Tell a friend about this page.
All fields required.
Can be sent to only one email address at a time.
Grant to fund study of possible asthma treatment from crabs
Dr. Yoshimi Shibata hopes to connect shellfish and asthma treatment. Photo by Cliff Hollis
(June 3, 2003)
An East Carolina University researcher has received $920,999 from the Department of Defense to continue his studies in treating childhood asthma.
Dr. Yoshimi Shibata, research associate professor in the Department of Physiology at the Brody School of Medicine at ECU, was recently notified of the Department of Defense Peer Reviewed Medical Research Program grant.
The title of his research is "Oral Administration of N-acetyl-D-glucosamine Polymer Particles Down-Regulates Airway Allergic Responses." It focuses on finding a way to decrease asthma attacks in children by boosting their immune systems by introducing carbohydrates purified from crab and shrimp shells.
Why crabs and shrimp? "Because people who have had an infectious lung problem like tuberculosis are protected against asthma," he said. "The BCG (Bacillus Calmette-Guerin) vaccine for TB shows some protection against asthma. We are trying to learn what's in the BCG that does this, and we've discovered that the shells show some similar effects to BCG.
"The crab shell carbohydrate is non-infectious and still offers the protection," he said.
Crab shells contain carbohydrates, calcium and proteins, Shibata explained. He and Dr. Quentin Myrvik, president of Myrvik Enterprises in Southport, designed the active carbohydrates by removing the calcium and proteins.
"We make small particles with the carbohydrates similar to bacteria, which are called mimetic microbes. We will give this orally to experimental animals then eventually to humans with food supplements," he said.
If their research theory proves true, the desired results would be an improved immune system and lower asthma rates.
Even children with shellfish allergies could take the compound, Shibata said, because "our active material is 100 percent pure carbohydrates without proteins. It is the proteins in meat and eggs that cause such allergies."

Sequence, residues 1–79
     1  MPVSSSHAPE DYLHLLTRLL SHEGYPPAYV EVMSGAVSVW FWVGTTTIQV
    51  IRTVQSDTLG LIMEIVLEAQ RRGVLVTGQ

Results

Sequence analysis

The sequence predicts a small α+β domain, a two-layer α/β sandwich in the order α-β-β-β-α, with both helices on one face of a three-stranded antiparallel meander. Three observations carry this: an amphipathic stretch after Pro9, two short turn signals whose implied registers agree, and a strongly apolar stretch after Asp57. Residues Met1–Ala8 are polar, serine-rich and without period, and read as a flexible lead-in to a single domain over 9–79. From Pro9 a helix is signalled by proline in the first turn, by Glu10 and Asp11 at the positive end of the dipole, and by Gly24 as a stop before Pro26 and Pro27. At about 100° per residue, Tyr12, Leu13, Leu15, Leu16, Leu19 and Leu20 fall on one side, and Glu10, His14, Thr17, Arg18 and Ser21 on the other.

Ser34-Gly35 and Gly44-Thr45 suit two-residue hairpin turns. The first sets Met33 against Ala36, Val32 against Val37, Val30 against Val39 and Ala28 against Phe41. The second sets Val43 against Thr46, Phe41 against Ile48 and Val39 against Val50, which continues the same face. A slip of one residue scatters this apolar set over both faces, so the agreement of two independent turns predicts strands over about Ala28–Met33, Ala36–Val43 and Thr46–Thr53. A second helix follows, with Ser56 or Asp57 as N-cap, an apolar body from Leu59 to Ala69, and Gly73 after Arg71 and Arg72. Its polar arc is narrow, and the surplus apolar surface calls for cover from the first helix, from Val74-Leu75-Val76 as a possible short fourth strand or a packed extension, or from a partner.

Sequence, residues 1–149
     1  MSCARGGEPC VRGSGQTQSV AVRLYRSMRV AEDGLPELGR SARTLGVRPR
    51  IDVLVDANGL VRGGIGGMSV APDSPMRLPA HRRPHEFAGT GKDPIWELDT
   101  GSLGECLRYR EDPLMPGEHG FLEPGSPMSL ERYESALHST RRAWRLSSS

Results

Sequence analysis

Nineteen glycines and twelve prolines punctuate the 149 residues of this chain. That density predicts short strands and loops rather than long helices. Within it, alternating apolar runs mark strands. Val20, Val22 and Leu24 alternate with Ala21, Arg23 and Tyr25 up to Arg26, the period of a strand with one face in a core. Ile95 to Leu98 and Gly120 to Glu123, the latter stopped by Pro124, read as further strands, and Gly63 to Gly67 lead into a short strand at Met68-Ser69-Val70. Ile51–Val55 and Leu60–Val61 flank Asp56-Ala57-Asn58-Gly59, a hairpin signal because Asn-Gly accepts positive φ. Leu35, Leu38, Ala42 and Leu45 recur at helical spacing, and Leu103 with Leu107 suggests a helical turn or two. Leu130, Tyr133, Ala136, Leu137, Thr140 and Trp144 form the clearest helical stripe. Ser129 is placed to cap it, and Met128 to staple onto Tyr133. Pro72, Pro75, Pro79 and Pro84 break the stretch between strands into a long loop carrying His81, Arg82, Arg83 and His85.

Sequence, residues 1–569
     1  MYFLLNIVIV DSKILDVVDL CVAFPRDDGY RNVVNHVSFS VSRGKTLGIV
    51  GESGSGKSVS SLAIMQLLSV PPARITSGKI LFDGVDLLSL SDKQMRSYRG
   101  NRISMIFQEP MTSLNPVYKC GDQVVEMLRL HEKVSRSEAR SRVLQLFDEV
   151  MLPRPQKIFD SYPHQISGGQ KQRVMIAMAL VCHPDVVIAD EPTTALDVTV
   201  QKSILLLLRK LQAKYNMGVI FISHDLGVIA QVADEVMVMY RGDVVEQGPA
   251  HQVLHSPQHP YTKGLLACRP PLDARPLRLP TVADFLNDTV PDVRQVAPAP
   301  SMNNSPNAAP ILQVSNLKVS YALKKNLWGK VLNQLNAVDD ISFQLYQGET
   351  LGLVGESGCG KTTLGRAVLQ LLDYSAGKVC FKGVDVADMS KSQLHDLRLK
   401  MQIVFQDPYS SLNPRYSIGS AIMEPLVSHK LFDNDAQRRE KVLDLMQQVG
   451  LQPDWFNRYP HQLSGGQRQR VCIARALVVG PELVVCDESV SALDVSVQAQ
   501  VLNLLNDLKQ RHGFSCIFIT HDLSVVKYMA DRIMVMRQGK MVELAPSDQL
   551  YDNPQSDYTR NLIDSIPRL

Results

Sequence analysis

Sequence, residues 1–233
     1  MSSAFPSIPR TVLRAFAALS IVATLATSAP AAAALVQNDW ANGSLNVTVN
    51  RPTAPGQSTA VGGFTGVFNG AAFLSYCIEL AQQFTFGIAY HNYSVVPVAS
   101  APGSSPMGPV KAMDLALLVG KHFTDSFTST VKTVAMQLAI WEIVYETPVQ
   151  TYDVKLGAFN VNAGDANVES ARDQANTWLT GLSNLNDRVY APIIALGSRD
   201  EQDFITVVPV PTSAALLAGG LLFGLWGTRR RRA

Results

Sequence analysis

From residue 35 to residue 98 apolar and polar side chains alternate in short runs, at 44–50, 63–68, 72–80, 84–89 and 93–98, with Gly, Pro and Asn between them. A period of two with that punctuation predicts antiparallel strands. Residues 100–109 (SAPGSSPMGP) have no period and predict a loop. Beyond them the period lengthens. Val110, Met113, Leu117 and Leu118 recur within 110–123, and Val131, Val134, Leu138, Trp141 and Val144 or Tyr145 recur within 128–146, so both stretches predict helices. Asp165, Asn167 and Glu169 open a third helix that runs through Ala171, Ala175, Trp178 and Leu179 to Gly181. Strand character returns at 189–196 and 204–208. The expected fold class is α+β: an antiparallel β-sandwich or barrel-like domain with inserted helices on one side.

Shibata is the principal investigator for the project. Co-investigators are Drs. Michael Van Scott, Ruth Henriksen and Laxmansa Katwa, all faculty members in the ECU's Department of Physiology, and Dr. John Bradfield, chairman of the Department of Comparative Medicine at the medical school.
The research team is focusing on the interaction of asthma and macrophages - white blood cells that are part of the first line of the body's defense in the inflammatory process. "Asthma in the last 10 to 20 years has increased in the United States although sophisticated medications have been developed," Shibata said. "So, we need more study to learn what is more effective in treating and preventing asthma."
Shibata's research efforts also earned a $1.1 million award from the National Institutes of Health in October. That research is focusing on infectious problems that may be risk factors in cardiovascular disease. The name of the project is "Th1-to-Th2 Shifts of HSP65 Responses and Atherosclerosis."
"We are testing immunocompromised animals that are vaccinated with the mimetic microbes to determine whether the animals are protected from infections and whether the protection from infections reduces cardiovascular problems," Shibata said.
These multi-disciplinary and diverse programs supported by the DOD and NIH primarily deal with problems in cardiovascular/pulmonary pathology and physiology at basic to applied levels.
These programs significantly increase the Department of Physiology research and teaching activities because they develop and maintain strong collaborative opportunities among faculty members, Shibata said. They also allow the hiring of additional professional personnel including postdoctoral fellows.